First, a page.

Women Don't See GOP’s War on Contraceptives as About Religion

The Republican attack on reproductive health services is alienating women who otherwise might be attracted to the party's fiscal message.

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Some Republicans thought the fight over birth control coverage would cost President Obama the election. Instead, it may have unleashed a second coming of the Anita Hill controversy, alienating women who otherwise might be attracted to a fiscally conservative, small government message.

The Obama administration looked weak at first when the Catholic Church balked at regulations requiring religious-affiliated institutions such as universities and hospitals to cover birth control under their employees' health insurance. The White House had not lined up women to defend birth control as a critical part of preventive healthcare, so the chaste church elders dominated the dialogue, presenting it as an issue of religious liberty. The idea that women had the liberty, as well, to decline the rules offered by the church—particularly in cases where the female employees did not practice Catholicism—took longer to emerge.

[See a collection of political cartoons on the Catholic contraception controversy.]

But now, lawmakers at the state and federal level (along with presidential candidates) are continuing to hammer away at the issue, and it's a dangerous game. The Senate today voted down a bill that would allow any employer to deny healthcare coverage of anything if it violates his or her moral principles, a standard so broad it invalidates any federal health insurance standards (which may well be the point). Even if the law were limited to religious teachings only, what would prevent a business owner who is a Jehovah's Witness from denying coverage of transfusions? Or a Christian Scientist from denying coverage of any kind of medicine at all?

As if on script, supporters of the bill say, "It's not about contraception, and it is this repeated comment that stands to get them into the most trouble with female voters. If you're not of the gender that can get pregnant, you have the luxury of seeing the issue as theological. If you stand to lose control over your life and future because you can't prevent yourself from becoming pregnant, it is indeed all about contraception. The lecture sounds particularly annoying to a woman when it is being made by men, as has largely been the case on the moral exception bill. It's the same as when male lawmakers were so utterly baffled and skeptical when Anita Hill told a story of sexual harassment that has been shared by so many, many other women.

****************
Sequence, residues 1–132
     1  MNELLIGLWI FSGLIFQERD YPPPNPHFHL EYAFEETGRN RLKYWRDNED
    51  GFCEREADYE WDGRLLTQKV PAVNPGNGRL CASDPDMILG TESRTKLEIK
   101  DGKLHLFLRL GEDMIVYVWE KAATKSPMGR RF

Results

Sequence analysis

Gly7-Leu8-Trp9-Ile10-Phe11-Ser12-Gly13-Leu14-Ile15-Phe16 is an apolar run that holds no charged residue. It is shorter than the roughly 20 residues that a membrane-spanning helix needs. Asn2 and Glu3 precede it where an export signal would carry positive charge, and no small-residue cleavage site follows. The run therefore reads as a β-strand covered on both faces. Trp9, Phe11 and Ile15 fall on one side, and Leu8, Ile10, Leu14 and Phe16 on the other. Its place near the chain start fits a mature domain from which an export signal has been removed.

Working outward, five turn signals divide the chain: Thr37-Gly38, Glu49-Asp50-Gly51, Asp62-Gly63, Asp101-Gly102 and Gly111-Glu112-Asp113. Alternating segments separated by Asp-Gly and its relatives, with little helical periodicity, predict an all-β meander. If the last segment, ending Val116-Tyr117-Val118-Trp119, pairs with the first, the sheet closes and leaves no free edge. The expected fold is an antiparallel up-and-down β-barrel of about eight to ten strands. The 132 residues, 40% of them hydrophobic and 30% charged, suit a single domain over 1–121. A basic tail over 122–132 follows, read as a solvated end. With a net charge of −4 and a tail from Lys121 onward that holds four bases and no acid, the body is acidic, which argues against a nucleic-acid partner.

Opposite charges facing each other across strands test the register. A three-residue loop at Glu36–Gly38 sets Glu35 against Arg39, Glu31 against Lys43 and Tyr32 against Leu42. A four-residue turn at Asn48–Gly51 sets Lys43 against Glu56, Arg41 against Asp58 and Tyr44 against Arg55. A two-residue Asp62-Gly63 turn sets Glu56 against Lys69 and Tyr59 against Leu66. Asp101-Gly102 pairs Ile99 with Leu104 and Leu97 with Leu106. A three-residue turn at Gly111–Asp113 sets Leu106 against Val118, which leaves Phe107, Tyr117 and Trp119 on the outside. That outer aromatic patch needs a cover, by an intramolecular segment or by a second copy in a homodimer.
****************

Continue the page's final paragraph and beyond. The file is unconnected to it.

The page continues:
[Read the U.S. News debate: Will the Culture Wars Benefit the GOP in the 2012 Election?]

Virginia state lawmakers took it even further, considering a bill that would have required women to have ultrasound exams before getting an abortion. Many women found the whole basis of the bill to be fairly insulting, since it suggested that women really have no idea what goes on in their bodies and need to be schooled about it before having an abortion. That could be the only reason a woman would seek an abortion, the thinking went—she simply was too simple or ignorant to know what she was doing. But the mostly male lawmakers knew.

Except that they didn't. Remarkably, in seeking to teach women about their own bodies, they hadn't done much learning on their own. They did not know that the jelly-on-the-belly sonogram that makes for such touching scenes in movies is not done in the first trimester of pregnancy (when the vast majority of abortions are performed) because the pregnancy hasn't developed enough at that point to see anything. Women at that stage of pregnancy must undergo a "transvaginal probe, an invasive procedure. The phrase itself made some lawmakers so uncomfortable that they didn't want it uttered aloud during debate, so as not to offend the young pages. The bill was watered down somewhat, so that women would not have to endure a procedure critics described as state-sponsored rape. But the guts of the bill passed the state Senate and are making their way to the governor, who will sign it.

The contraception legislation may well do what it was intended to do—shore up the social conservative base of the Republican party and convince some people that Obama or Democrats are antireligion and pro big government. But proponents also risk energizing a group of women who long ago earned the right to control the size and timing of their families. For those women, it is, indeed, all about contraception.

  • See a collection of political cartoons on healthcare.
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